The death of Clarence Clemons, one of the most celebrated saxophonist in rock music has saddened so many people among them his hero Bruce Stingsteen.

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Clarence Clemons, Springsteen’s Soulful Sideman, Dies at 69
The saxophonist in Bruce Springsteen’s band had a jovial onstage manner and soul-rooted style that made him one of rock’s most beloved sidemen.

Rockville, MD
June 19th, 2011
11:27 am
How sad, as a fan for decades, I will miss his music. My heartfelt sympathies to his family, to Bruce and the rest of the E Street Band. He may no longer be here in body, but you will be damn sure that he will always be here in soul. When you think of him, you can always laugh out loud. RIP Big Man, you are loved.

June 19th, 2011
11:28 am
I met Clarence in the 1980’s when he played a club in Houston in the early eighties. My brother worked there and had a big banner made and draped over the front of the building above the entrance way. It read: Houston welcomes the Big Man! This morning there is a banner hanging from the sky: Heaven welcomes the Big man! Bless you Big Man and RIP.
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270.HIGHLIGHT (what’s this?)
Manchester, VT
June 19th, 2011
11:30 am
My memory is from 1979. I was a concert promoter in Providence, RI and Bruce and the band were on their first tour in a year and were at that moment of going from a really well known regional act to superstardom.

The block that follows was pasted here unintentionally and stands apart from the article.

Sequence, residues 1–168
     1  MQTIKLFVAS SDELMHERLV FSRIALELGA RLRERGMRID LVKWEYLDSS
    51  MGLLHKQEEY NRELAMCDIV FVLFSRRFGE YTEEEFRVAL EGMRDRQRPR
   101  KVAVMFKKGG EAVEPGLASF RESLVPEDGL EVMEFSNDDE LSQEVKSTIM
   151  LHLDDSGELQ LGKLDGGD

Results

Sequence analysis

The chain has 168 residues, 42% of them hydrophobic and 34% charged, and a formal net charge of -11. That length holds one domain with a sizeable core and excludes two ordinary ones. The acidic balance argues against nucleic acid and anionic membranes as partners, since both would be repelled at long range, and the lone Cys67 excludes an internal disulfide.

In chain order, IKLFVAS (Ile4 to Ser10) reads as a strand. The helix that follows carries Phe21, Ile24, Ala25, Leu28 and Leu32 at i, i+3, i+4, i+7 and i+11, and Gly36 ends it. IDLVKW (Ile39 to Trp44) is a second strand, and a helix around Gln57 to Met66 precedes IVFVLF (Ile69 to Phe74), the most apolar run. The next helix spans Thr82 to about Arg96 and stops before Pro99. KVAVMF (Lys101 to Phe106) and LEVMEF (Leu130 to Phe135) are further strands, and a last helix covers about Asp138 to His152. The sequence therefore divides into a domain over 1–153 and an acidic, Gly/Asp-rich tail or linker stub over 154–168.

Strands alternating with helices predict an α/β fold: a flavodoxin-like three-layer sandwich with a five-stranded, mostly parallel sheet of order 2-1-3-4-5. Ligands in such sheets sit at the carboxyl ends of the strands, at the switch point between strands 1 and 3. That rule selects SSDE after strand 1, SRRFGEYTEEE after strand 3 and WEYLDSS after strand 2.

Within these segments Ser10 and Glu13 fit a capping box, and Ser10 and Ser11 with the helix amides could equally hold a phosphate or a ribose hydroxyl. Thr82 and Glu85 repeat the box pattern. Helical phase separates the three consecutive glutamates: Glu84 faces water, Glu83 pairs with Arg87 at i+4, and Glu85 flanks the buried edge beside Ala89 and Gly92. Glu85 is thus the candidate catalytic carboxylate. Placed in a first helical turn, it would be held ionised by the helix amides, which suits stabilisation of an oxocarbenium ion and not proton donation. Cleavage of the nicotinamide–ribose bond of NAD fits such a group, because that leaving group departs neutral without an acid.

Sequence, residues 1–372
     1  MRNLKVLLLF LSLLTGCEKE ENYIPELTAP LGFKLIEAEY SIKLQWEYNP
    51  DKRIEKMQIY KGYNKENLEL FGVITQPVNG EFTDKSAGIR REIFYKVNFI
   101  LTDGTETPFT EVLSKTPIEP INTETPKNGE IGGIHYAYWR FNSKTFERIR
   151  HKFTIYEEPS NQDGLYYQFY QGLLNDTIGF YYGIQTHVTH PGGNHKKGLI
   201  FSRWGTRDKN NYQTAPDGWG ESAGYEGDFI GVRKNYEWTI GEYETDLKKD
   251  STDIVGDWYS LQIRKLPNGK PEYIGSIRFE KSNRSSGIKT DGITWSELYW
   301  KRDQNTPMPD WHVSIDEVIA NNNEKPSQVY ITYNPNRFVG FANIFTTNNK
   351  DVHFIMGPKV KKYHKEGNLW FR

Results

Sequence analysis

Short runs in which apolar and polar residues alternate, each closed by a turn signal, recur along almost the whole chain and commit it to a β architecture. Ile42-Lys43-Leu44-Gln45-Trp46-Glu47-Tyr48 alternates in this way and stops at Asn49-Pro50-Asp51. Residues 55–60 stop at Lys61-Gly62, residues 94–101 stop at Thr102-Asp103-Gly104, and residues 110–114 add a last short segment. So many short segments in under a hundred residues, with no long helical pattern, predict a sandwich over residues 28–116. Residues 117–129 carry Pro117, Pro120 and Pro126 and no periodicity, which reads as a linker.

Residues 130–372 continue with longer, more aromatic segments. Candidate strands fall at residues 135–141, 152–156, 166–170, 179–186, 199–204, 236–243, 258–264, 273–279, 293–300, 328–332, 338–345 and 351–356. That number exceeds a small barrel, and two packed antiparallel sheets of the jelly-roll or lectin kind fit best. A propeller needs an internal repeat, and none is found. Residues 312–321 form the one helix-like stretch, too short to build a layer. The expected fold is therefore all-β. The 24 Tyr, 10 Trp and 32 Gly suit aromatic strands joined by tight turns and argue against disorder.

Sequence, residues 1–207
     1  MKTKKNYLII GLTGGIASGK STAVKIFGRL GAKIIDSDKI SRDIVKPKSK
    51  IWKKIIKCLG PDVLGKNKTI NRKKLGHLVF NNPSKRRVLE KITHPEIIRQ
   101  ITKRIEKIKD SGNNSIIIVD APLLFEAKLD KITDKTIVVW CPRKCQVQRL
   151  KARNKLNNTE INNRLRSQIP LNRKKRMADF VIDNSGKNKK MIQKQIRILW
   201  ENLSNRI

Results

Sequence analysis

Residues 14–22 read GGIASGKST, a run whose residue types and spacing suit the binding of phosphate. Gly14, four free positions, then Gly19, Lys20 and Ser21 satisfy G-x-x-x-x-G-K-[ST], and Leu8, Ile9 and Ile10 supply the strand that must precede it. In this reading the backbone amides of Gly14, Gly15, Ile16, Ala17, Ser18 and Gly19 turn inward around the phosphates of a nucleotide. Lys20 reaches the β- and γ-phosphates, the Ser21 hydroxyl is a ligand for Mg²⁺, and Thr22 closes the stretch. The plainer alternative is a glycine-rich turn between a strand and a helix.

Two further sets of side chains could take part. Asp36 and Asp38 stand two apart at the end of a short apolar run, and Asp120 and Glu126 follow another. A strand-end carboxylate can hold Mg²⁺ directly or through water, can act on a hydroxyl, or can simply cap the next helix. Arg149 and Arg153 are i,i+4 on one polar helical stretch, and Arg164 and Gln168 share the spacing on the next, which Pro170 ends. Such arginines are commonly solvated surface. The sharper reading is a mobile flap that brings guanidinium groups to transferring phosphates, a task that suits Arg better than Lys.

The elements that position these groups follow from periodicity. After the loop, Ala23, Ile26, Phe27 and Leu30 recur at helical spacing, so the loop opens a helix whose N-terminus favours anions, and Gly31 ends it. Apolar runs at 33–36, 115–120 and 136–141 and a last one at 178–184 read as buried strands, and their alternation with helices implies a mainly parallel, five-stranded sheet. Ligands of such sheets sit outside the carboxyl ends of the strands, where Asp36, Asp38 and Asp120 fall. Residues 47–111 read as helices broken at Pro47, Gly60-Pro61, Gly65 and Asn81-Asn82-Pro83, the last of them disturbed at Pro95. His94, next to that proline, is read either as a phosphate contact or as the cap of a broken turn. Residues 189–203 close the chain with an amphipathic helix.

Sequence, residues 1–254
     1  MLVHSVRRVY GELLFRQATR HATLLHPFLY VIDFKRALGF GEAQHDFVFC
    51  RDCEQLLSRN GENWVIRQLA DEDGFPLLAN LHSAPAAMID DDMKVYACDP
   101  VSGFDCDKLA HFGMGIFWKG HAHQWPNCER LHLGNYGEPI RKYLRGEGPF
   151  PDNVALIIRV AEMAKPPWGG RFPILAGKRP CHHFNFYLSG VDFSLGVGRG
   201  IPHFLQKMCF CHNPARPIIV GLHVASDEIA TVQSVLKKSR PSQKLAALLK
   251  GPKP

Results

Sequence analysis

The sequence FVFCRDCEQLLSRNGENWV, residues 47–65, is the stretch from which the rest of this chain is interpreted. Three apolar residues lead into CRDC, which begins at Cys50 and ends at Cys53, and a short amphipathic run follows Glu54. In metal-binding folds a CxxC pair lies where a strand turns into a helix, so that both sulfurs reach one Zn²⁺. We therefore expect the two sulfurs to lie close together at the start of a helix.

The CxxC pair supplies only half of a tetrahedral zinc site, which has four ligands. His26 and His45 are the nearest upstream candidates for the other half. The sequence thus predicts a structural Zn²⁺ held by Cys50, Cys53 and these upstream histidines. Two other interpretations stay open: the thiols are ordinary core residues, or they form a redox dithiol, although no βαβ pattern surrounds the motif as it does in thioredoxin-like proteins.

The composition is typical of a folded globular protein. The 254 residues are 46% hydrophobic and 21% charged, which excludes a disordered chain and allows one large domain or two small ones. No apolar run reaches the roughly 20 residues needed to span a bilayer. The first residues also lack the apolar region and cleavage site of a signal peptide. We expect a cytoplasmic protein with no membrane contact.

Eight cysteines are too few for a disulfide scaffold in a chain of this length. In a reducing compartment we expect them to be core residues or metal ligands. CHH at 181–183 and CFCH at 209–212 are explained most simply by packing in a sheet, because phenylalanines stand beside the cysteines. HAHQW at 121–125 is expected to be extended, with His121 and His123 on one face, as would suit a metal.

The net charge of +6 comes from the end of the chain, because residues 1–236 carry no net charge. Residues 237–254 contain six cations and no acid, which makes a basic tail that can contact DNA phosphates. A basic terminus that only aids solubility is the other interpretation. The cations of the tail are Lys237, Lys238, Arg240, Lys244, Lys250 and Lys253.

My favorite story about him is from a Providence College concert. All the band and crew members were all very nice but pretty demanding. Between sodas, beers, food, electricity, security and on and on they wanted and expected it all, price be damned. And we did fine. After the show, there was plenty of hubbub backstage, the usual groupies, wannabees and hangers-on. Everyone was looking for something; a hug, a kiss, a beer, an autograph, a little action, the usual.

All of a sudden a door opens and a guy says something like, “I am here from the Lobster Pound Restaurant, I have a delivery of ten lobster for some guy named Clemins.” “Great,” I thought, “another couple of hundred down the drain.”

As I reached into my pocket, Clarence came out and as cool as can be, said, “No way, man. I could never expect you to pick up something like this for me, I just wanted a shore dinner after the show. I’m paying for this.”.

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I am a regular contributor to discussion programmes on TV and radio both at home and abroad. An experienced political editor and author specialising in Politics, Security and 20th Century Art.

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